‘Act to save cyclist lives’ calls griefstricken dad

by Gazette Reporter

THE grief-stricken father of a young woman killed cycling home from work last month has called for wider roads, one-way streets and dedicated bike lanes that run against traffic.
Peter Fox, whose daughter, Donna, was killed after being struck by a truck near Amiens Street in the north inner city on September 6, said if any good could come from the tragedy it would be that authorities move to protect vulnerable road users.
This week, a large group of cyclists gathered outside the Dail to protest against the lack of investments in cycle lanes in the city centre.
The protest organiser said the demonstration had been prompted by Donna’s avoidable death.
The campaigners have called on the Minister for Transport Shane Ross to look at the economic advantages of supporting cycling and to give cyclists a fair share of the spend of public funds being used for the country’s road networks.
Nine cyclists have died on Irish roads already this year – as many as were killed in the whole of 2015.
Speaking to RTE’s Claire Byrne, the heartbroken father of three said Dublin was anything but a safe place to commute.
He added: “It’s not anywhere near it. It’s a disaster area. It’s amazing there aren’t more fatalities and more accidents.
“It was time to do something about it ten years ago. Cars and lorries are getting bigger. The roads are not getting bigger. There’s new roads being built and they’re still being built to the same width as they were 30, 40, 50 years ago.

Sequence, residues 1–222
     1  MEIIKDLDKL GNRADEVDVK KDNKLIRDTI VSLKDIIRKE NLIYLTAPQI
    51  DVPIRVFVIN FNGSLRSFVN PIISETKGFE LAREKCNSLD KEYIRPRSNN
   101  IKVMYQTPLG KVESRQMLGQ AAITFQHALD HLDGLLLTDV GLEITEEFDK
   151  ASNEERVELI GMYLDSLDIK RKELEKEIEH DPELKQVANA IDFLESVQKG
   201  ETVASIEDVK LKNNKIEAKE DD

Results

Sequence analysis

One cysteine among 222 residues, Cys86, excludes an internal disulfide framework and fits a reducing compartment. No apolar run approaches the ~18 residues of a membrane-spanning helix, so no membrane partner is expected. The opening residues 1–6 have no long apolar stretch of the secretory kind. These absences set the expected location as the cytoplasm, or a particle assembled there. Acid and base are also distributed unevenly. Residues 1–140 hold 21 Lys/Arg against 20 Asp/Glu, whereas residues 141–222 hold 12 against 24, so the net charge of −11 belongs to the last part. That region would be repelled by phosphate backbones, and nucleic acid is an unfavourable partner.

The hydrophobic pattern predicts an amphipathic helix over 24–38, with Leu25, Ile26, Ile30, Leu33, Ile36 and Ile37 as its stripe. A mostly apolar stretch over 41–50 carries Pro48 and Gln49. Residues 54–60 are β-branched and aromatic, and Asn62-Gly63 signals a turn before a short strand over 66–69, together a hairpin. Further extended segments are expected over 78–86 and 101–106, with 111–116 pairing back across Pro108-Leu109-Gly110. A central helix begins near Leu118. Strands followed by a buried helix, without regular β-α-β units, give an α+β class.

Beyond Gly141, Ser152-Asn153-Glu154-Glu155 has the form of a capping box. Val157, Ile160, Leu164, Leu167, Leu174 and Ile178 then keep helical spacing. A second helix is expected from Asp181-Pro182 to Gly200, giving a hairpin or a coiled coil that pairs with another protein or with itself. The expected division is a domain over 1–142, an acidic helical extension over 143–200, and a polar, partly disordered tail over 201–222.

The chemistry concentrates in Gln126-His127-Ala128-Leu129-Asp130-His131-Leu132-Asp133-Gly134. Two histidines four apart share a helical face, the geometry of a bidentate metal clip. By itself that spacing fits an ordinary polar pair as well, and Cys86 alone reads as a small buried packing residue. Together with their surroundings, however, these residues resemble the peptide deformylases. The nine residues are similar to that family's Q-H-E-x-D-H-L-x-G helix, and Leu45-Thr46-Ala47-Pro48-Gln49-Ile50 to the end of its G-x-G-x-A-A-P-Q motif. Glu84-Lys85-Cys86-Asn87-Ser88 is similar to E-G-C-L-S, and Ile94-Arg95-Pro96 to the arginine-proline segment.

“Certain roads could be made that there’s no cyclists allowed on, and other roads made one-way streets.
“My message is this – that the people who have the authority should earn their wages, represent the people, do what has to be done.
“[A plan could] consider that the cyclist, when they’re on these cycle lanes, go in the opposite direction of the traffic, where they can see us, and we can see them.”
The taxi driver from Balbriggan said bike lanes in the city were like a “patchwork quilt”, which were fine in some places but then simply stopped, forcing cyclists onto the road alongside buses, lorries and cars.
He said: “If it saves someone else’s life, if it saves someone else going through what our family is going though now, anything is worth it.
“You could put a cycle lane through the centre of my sitting room and I wouldn’t care, if it saved some family going through this.”
The heartbroken dad described the pain of losing his daughter, and how he had to break the tragic news to Donna’s little sister, after first hearing about the accident on the radio.
“I just can’t get my head around it,” he said.
“She was brilliant. She was a great friend, she never let me down. She was great company; she kept the family going – she kept us all on our toes.”
Peter said he had long worried about his daughter cycling to and from work, but she kept reassuring him, saying she was happy the route she was taking from Whitehall into town was safe.
He said: “Cycle lanes only go so far, then they stop. There’s nowhere you can travel in the city the whole way on cycle lanes. You’re on a cycle lane and you’re grand, then you’ve no cycle lane – that’s where your problem is.”
Protesters on Monday evening called for more funding for cycling infrastructure across Dublin city and county. They were angry that funds earmarked for planned segregated cycle lanes that would have cost between €5.7m and €12.3m had been diverted to the €1.1bn Luas project.
Organiser Colm Ryder, from the Dublin Cycling Campaign, said the demonstration was prompted by Donna’s death.
He said: “She was the ninth person to be killed off her bicycle this year … A lot of them are avoidable deaths, and they are avoidable if the proper attitude is taken in relation to the funding of cycling, which is active travel, which is about people being healthy.”

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